The tail boom was found with the tail rotor blades and the horizontal stabilizer attached. The right horizontal stabilizer displayed crush damage, the vertical stabilizer was separated and displayed impact damage, and the tail rotor gearbox was separated from the mount. The tail rotor blades were bent uniformly outward approximately seven inches from the hub. The tail boom forward of the horizontal stabilizer was consumed by post-impact fire.

The transmission mast was fractured below the main rotor head static stops, and the main rotor head was found separated and resting adjacent to the engine and transmission assembly. Power line cable 3/4-inch in diameter was found wrapped several times around the transmission mast. The inboard portions of both main rotor blades remained attached to the rotor head. One blade displayed bending and twisting with the outboard tip separated. The other blade was separated into four sections, with one section found embedded 18 inches into the ground adjacent to the main rotor head, and the other two sections found approximately 90 feet west of the wreckage.

Examination of the flight controls revealed the drive link, the collective lever, the swashplate support tube, and the rotating and non-rotating swashplates were intact. The pitch links were separated at the swashplate attach clevises. The control linkage to the non-rotating swashplate and the hydraulic boost actuators were damaged by post-impact fire. The tail rotor gearbox rotated freely when turned, and the chip plug was free from debris. Pitch control to the tail rotor blades was established to the point of tail boom separation.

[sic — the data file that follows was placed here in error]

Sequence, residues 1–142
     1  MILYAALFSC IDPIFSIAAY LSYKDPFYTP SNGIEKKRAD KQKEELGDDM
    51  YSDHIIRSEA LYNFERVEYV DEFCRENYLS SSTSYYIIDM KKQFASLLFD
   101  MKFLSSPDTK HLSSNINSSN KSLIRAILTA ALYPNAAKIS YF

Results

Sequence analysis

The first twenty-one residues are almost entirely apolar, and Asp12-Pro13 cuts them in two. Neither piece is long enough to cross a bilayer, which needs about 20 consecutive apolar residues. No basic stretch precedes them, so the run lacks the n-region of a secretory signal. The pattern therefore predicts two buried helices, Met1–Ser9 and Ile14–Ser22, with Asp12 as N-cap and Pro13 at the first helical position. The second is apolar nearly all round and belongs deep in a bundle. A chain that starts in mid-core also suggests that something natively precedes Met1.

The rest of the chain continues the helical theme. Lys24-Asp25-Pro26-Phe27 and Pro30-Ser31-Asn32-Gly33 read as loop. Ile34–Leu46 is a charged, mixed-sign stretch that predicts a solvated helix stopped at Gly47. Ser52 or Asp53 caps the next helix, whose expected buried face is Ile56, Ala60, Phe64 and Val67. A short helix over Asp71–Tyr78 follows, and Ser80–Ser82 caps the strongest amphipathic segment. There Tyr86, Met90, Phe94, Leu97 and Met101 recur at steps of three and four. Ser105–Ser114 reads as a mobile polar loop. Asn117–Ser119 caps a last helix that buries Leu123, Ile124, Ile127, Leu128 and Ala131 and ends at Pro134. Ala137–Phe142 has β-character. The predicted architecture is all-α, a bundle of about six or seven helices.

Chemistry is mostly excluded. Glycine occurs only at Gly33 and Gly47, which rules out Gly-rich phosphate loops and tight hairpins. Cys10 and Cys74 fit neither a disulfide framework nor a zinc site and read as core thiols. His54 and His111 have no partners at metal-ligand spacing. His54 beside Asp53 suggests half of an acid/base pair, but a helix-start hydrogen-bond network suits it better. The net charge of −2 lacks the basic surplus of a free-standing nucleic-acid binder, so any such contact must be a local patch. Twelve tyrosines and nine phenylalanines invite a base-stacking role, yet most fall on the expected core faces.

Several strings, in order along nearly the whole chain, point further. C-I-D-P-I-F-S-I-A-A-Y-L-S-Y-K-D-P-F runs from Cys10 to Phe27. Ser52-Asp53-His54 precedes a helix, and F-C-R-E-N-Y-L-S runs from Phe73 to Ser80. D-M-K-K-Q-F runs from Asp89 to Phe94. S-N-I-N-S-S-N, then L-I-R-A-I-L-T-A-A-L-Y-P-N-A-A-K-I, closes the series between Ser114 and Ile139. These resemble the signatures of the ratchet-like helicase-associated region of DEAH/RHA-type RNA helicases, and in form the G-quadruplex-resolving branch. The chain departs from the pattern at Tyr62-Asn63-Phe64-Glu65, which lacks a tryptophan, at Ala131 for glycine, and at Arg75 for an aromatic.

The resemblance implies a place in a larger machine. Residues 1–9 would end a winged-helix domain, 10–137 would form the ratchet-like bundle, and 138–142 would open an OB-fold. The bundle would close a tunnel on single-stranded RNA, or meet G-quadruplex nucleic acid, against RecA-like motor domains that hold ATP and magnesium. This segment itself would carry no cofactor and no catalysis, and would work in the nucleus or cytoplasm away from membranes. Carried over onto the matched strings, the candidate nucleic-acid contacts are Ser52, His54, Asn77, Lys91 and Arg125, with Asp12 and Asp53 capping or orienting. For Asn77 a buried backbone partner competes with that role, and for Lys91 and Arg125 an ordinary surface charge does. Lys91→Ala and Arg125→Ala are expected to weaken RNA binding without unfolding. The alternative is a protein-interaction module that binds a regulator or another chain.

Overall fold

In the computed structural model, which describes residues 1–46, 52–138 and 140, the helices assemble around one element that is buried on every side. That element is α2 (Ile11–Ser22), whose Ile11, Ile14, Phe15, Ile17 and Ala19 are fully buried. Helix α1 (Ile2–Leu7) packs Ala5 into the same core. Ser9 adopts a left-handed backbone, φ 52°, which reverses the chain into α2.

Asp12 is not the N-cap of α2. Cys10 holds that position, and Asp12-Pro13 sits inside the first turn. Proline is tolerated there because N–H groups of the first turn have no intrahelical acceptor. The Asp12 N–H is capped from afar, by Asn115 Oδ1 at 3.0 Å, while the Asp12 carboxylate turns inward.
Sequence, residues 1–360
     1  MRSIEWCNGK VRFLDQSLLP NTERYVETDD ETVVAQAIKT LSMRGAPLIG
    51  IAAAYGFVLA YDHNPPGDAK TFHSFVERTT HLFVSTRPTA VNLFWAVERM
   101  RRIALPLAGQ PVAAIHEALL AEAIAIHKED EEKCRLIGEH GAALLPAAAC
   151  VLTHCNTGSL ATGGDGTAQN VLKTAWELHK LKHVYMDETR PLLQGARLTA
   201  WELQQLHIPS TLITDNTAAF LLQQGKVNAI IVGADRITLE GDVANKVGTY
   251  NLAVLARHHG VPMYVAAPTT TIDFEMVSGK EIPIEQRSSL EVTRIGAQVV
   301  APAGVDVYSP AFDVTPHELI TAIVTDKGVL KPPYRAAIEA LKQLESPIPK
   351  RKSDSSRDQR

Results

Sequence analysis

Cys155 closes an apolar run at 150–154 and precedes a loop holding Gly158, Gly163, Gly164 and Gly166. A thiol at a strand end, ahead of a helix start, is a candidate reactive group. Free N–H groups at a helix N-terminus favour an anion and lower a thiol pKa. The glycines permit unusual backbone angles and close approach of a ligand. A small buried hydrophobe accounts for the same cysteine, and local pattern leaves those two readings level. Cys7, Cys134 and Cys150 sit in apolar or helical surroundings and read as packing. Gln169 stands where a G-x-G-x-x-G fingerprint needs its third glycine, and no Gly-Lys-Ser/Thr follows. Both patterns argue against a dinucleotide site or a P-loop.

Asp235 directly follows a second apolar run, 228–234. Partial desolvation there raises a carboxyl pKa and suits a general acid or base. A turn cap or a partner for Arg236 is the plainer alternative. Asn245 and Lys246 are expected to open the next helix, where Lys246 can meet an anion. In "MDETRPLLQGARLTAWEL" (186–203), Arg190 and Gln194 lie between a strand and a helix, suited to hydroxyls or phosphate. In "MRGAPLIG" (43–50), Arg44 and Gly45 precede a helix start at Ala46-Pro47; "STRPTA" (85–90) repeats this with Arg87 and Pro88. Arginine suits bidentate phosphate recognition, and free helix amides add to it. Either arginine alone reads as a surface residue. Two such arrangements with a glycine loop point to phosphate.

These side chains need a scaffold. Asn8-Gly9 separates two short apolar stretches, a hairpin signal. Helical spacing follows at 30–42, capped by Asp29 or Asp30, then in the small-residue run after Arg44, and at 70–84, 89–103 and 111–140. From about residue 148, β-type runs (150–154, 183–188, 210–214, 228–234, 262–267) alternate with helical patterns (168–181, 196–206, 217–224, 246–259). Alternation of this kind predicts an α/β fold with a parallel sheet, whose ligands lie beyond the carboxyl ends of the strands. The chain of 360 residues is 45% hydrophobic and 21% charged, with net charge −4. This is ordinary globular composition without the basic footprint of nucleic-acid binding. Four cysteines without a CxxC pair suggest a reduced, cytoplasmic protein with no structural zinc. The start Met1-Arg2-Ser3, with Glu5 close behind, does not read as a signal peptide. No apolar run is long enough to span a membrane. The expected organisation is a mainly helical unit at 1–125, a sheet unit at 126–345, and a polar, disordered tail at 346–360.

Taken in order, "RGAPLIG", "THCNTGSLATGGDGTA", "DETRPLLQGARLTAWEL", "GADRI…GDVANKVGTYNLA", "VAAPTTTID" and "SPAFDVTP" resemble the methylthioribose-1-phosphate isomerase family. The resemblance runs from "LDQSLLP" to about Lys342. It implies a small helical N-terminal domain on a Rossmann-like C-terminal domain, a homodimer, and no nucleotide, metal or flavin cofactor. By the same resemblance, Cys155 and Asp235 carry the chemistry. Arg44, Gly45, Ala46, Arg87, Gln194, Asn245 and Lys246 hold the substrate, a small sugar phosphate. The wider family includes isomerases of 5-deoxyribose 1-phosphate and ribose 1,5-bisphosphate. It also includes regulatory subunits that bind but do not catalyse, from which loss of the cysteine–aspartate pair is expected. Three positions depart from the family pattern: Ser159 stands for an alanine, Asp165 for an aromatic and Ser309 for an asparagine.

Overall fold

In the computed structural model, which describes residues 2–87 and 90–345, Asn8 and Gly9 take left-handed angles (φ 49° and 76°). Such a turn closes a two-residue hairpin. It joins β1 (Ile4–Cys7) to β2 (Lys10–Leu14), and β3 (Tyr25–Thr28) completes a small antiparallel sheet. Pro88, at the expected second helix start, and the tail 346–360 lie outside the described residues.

Examination of the engine and transmission assemblies revealed the turbine was split apart at the power turbine support, and about half of the accessory gearbox was consumed by post-impact fire. The compressor displayed foreign object damage on the trailing edge of the inlet guide vanes and on the first stage compressor blades. The compressor bleed valve poppet traveled freely from the open to closed position. The outer combustion case and the combustion liner were undamaged, and the air baffles of the combustion liner displayed no evidence of abnormal deposits. The turbine was removed from the gearbox for examination. The N1 rotor system rotated freely, and the N2 rotor system rotated with some difficulty. The turbine displayed aluminum splatter on the first stage nozzle shield, the first stage nozzle guide vanes, the second stage blades, and on the suction side of the third stage nozzle guide vanes. The main mast spline alignment was distorted.

MEDICAL AND PATHOLOGICAL INFORMATION

An autopsy was performed on the pilot on October 24, 2001, by the North Carolina Baptist Hospital, Department of Pathology, Winston-Salem, North Carolina. The report stated the cause of death was multiple blunt force injuries.

Forensic toxicology was performed on specimens from the pilot by the Federal Aviation Administration Toxicology and Accident Research Laboratory, Oklahoma City, Oklahoma. The report stated no ethanol was detected in the vitreous, and no drugs were detected in the kidney.

ADDITIONAL INFORMATION

A review of U.S. Naval Observatory astronomical data for the location of the accident revealed the altitude of the sun at 1838 eastern daylight time was 0.2 degree at an azimuth of 256.4 degrees, the altitude of the moon was 28.9 degrees at an azimuth of 183.3 degrees, and the illumination of the moon was 39 percent. Sunset was 1840 eastern daylight time, and the end of civil twilight was 1906 eastern daylight time. At the accident site on October 23, 2001, at 1838, it was observed that the rising terrain to the west cast a shadow over the pasture valley and power lines.

The wreckage was released to the insurer on December 17, 2002.